Inside Jaws

2013, Performing Arts  -  150 min Leave a Comment
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When Steven Spielberg first heard the word, "Jaws," he just thought of a period of his life when he was much younger. He was younger, he was more courageous or he was more stupid. He was not sure which, so when he heard about Jaws, he thought about courage and stupidity, both of those things existing underwater.

There was a very large block of pages stacked about six inches thick that said "Jaws" on it and he didn't know what that meant. What was Jaws? Was it about a dentist, because Jaws was not in the national consciousness at the time? It was just a word. It was an unusual word.

He borrowed a copy to read over the weekend, not knowing that it was a book about a great white shark, a predator off a beach and a Cape Cod-esque town. He had no idea this was about to become one of the best-selling books in the nation.

He read it and he suddenly said to himself, "This is a kind of a sequel to Duel." There was once again about something, a very large predator chasing innocent people and consuming them. At the same time, he thought it was his own fear of the water. He was always been afraid of the water and he got very interested in it and because coincidentally the producers of Jaws had just been his producers of his first feature Sugarland Express, Dick Zanuck and David Brown. He asked them if this was something he could direct next.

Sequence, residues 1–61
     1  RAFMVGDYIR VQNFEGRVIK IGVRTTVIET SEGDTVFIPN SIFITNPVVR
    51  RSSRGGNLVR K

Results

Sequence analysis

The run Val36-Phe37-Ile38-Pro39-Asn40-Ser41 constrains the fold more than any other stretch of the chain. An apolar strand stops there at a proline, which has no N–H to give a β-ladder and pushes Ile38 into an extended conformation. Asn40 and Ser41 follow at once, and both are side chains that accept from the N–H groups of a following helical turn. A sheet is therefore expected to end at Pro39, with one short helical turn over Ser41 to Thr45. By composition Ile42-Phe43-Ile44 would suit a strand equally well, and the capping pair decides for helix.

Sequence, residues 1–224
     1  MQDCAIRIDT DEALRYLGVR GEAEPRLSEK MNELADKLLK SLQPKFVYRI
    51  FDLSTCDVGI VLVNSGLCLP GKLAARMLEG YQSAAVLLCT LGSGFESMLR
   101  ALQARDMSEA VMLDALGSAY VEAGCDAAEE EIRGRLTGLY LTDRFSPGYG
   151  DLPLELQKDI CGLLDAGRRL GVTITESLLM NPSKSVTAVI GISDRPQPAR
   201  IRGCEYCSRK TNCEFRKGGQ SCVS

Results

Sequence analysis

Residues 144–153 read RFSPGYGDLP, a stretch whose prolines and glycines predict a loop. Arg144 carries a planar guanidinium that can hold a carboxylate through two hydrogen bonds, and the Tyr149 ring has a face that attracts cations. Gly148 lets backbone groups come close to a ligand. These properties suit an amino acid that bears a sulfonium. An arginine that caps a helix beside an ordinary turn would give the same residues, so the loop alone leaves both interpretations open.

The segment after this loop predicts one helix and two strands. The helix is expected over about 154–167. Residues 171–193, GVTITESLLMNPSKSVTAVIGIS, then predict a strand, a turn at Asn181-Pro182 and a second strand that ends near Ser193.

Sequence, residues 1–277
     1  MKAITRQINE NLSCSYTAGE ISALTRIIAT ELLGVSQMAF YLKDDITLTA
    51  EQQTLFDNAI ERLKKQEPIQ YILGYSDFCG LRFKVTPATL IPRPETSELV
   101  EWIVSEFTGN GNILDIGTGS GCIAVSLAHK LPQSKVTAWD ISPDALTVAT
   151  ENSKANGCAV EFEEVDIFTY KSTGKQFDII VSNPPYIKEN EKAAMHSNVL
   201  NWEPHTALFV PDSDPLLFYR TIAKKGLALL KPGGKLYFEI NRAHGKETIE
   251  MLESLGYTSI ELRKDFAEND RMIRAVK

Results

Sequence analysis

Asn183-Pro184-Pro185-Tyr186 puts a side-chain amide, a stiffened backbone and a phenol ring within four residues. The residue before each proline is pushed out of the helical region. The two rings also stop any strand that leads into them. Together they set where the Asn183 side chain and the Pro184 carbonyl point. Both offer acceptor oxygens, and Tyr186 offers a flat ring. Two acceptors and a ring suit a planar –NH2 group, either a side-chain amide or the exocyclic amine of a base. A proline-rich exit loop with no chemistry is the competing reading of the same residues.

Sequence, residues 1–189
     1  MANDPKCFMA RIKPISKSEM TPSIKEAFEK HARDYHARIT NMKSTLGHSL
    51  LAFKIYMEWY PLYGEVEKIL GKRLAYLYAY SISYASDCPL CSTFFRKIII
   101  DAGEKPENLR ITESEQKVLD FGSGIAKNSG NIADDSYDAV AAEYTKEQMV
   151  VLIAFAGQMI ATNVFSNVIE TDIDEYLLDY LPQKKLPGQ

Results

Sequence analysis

Peter Benchley did a very good adaptation of his own novel. Then, Peter turned it over to Steven and said, "Here it is and do with it what you want." At that point, Steven didn't quite know what to do with it because it wasn't the movie he wanted to make next.

He was sitting down and writing the script himself and doing the entire draft himself from beginning to end. It was more of an exercise for him to become familiar with what he wanted Jaws to become. It was an exercise that was very beneficial because he suddenly had a vision of the film even though he didn't possess the skills to write it. David Brown and Dick Zanick both suggested Howard Sackler, who had written The Great White Hope.